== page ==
Also ‘smyena’. It took me a long time to work out that there were two sitting sessions for each meal. I was supposed to know which smyena – first or second session – my group had been assigned each day. I didn’t understand this, and kept turning up whenever I was hungry. This meant that I was taking up a seat, and that someone who was supposed to be there didn’t get to sit down for their meal.
(Which reminds me – I also learned the word ‘poldnik’ (afternoon snack) at Artek. I loved poldnik – both the cuteness of the word, and what it meant. I can’t remember now what we used to eat, but I remember how nice it was to have a snack at that time of day).
Similarly, it was only at the end of my stay that I realised I was sleeping in someone else’s bed. That person had given up her bed to me, when I turned up at the camp all of a sudden, and was now sleeping somewhere else. That’s how welcoming and kind people were to me. I continually didn’t understand how the systems was supposed to work, and kept disrupting things. It must have been annoying for people, but no-one ever, ever let me know.
В Добрый Час, Друзья
By the end of my stay I felt like I had been drawn into an extended Artek family. When I continued my travels (to Kiev, and then to Lvov), the Kiparisny Camp Director arranged for me to stay with a former Kipirisny vozhaty, Katya. She and her family were so kind to me, welcoming me into their home and showing me their city. They then arranged for me to stay with their relatives in Lvov.
Because of Artek, I finally learned the irregular case endings for dyeti, children. S dyetymi, dlya dyetyei. And also for drug, friends. Druzya, s druzyami, dlya moyikh druzyei. These words were often needed, because I met lots of children, and I made lots of friends. At the final concert for that two-week holiday (the children arrived and left in 2-week batches) the vozhaty performed a song together – V Dobriy chas, Druzya (Good luck, friends). I think it was a popular song at the time, but not everyone knew the words. I remember one girl muttering the next set of lyrics at the end of each phrase for those of us that didn’t know the song, so that we could attempt to sing along. Nineteen years later, I can still remember the chorus.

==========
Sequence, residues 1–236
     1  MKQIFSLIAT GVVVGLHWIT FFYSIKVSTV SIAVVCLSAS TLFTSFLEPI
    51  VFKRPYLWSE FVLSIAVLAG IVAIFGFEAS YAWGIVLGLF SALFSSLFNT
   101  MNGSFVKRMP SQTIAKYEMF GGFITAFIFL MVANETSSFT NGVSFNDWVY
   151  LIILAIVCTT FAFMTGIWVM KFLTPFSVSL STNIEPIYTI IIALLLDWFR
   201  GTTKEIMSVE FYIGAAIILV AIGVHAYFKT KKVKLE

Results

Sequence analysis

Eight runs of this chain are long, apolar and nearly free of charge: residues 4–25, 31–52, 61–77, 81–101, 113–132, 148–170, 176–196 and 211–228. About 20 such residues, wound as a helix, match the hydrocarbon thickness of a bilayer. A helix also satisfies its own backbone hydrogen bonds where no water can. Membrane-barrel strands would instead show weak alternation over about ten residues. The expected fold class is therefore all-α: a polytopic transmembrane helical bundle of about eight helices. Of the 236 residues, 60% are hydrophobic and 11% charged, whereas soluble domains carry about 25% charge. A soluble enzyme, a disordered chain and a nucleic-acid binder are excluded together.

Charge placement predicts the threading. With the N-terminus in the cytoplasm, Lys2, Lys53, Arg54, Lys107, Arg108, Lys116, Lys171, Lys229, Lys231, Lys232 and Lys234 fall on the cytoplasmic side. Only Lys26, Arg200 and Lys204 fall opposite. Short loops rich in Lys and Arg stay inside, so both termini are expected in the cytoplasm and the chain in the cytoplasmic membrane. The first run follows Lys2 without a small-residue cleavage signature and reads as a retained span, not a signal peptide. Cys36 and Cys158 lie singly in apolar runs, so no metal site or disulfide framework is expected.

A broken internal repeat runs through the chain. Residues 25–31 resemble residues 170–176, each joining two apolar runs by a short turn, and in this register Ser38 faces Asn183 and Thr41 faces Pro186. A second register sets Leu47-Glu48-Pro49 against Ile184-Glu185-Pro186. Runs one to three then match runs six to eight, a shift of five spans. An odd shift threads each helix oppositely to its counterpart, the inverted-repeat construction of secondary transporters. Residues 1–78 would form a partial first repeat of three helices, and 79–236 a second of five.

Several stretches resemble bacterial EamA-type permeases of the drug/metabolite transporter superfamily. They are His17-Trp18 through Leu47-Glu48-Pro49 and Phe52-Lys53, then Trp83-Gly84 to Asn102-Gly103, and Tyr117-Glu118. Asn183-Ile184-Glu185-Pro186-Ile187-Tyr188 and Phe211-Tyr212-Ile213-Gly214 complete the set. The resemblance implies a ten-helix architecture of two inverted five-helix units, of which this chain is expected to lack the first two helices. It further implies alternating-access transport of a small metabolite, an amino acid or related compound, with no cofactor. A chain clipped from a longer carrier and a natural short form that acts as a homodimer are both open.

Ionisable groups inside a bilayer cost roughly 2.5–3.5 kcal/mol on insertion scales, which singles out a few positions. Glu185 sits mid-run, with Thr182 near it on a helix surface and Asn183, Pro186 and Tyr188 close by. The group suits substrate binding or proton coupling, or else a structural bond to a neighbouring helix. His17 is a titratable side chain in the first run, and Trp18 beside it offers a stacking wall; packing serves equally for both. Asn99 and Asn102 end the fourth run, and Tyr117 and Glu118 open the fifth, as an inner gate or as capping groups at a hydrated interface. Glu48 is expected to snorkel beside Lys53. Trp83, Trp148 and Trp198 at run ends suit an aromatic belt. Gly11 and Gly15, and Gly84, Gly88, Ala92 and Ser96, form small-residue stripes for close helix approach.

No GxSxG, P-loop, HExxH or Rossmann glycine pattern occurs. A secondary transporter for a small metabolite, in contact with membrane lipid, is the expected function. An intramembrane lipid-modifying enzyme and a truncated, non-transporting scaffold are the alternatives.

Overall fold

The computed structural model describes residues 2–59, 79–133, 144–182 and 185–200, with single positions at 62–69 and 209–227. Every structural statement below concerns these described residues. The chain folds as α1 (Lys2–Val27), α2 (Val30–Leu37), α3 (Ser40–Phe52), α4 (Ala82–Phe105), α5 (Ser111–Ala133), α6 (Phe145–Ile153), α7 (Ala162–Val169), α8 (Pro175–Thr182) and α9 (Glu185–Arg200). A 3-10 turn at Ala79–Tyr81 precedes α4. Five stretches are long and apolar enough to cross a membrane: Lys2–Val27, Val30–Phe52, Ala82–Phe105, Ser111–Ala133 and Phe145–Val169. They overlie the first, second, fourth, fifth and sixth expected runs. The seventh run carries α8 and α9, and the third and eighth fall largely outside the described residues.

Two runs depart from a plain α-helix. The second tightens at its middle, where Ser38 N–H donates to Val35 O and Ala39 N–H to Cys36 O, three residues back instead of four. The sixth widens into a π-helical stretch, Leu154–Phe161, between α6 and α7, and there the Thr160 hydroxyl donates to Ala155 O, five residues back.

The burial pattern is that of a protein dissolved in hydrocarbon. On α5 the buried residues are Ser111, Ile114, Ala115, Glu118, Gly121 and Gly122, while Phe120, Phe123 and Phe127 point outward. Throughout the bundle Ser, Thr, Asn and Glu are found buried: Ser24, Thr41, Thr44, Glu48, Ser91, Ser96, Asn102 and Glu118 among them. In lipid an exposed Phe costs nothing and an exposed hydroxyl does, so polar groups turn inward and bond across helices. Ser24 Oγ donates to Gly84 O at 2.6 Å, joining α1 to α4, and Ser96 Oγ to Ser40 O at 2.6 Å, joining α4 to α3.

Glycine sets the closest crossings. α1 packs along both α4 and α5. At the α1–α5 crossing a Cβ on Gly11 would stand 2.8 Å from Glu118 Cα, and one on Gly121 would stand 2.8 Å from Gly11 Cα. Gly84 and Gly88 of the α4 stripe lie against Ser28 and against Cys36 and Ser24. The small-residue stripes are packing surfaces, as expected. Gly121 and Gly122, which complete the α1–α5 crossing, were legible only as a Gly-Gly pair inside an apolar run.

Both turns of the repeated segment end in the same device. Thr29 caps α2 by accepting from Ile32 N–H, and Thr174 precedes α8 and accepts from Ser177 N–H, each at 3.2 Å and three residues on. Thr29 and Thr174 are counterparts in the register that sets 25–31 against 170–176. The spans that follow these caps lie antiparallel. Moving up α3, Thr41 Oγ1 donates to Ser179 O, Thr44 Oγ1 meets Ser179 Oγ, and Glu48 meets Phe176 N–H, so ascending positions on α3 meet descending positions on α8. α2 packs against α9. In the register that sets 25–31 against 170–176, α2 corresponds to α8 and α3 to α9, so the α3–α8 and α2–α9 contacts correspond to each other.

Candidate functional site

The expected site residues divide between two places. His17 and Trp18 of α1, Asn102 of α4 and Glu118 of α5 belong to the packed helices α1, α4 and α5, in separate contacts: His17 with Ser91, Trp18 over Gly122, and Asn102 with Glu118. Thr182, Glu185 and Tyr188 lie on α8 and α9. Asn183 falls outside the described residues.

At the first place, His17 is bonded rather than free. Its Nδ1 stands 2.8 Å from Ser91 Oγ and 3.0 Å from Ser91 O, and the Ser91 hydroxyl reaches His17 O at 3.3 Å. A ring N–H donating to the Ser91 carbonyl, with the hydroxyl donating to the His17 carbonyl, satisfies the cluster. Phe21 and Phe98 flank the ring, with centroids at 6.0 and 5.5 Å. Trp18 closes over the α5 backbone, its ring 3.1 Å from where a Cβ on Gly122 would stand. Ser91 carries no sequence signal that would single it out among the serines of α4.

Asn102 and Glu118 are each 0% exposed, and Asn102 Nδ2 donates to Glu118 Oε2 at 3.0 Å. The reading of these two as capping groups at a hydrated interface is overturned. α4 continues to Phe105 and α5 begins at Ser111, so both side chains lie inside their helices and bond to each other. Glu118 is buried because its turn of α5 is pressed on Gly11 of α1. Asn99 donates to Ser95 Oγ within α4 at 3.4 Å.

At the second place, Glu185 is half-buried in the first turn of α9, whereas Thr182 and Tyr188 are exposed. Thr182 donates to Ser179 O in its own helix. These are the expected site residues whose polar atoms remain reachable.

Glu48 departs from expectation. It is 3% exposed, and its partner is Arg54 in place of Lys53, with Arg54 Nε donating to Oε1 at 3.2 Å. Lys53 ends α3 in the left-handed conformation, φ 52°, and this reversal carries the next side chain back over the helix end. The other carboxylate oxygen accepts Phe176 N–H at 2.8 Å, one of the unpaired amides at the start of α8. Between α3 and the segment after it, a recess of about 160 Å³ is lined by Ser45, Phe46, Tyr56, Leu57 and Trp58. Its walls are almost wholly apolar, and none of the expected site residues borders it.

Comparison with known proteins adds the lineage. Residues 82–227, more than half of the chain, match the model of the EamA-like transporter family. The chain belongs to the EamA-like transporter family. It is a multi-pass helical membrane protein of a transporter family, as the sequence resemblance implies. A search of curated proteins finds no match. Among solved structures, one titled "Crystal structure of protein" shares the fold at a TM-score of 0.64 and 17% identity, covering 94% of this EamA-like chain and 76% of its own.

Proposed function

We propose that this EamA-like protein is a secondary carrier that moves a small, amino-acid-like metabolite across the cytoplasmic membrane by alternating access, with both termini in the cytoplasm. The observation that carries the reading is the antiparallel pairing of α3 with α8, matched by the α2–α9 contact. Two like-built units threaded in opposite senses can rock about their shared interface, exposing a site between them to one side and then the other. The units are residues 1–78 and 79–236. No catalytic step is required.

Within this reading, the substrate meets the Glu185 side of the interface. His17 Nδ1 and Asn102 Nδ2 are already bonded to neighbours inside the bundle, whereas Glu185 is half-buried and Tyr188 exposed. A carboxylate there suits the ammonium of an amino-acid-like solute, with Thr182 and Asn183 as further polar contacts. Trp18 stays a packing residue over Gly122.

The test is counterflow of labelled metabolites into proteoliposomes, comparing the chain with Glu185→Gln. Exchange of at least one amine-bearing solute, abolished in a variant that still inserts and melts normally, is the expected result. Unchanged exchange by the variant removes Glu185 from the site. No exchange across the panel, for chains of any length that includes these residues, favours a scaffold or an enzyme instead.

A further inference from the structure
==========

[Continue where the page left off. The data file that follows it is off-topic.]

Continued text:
Two decades later
Travelling to Artek and spending 2 weeks as a guest vozhatiye remains one of the most extraordinary things I’ve done in my life (and I’ve done a lot since then, working as a musician in post-war countries and using music as a tool for peace and recovery). When I meet Russians or people from the former Soviet Union, I delight in telling them, “I spent some time at Artek. Do you know Artek?” The older ones know the name, and are always impressed. The younger ones – well, maybe my pronunciation is bad, but when I asked my new Russian teacher (born in 1990) this question, he thought I was saying I’d been to the Arctic!
Thinking back to that time, nearly 20 years ago, we see how much has changed. In 1996, there was no internet. How did I even find out about Artek? Why was I so determined to go there myself? I was looking for adventure and unique experiences. I knew of its prestige and its history, and wanted to be part of something that had held such pride of place in the former Soviet system.
Artek seemed to me like this glorious social experiment of bringing diverse people together to relax, play, and learn. Because of its size, some people joked that it was another of the former Soviet Union’s autonomous republics. It had its own schools! And public transport system! But it also had, in my experience, a genuine openness to connecting diverse peoples, and exploring and celebrating all their common ground. Call it a multicultural policy, perhaps.
I still hope to go back. I loved Sveta’s descriptions of Artek at Christmas time, when it would still be 20 degrees each day, and the water would still be warm. I’m sure that I will go back one day (maybe for the 100th Birthday?), and when I do, I hope that the times will be more peaceful than they are now in that part of the world. It is devastating to read of the turmoil and suffering that has taken place in Eastern Ukraine and Crimea in recent times. But when I do return, I hope that Sveta and her friends will again take me to eat arbuz. We’ll dangle our feet in the fountain, share stories, and open ourselves to the different life experiences we all bring from opposite sides of the world, and be intrigued, inspired, and changed by each other once again.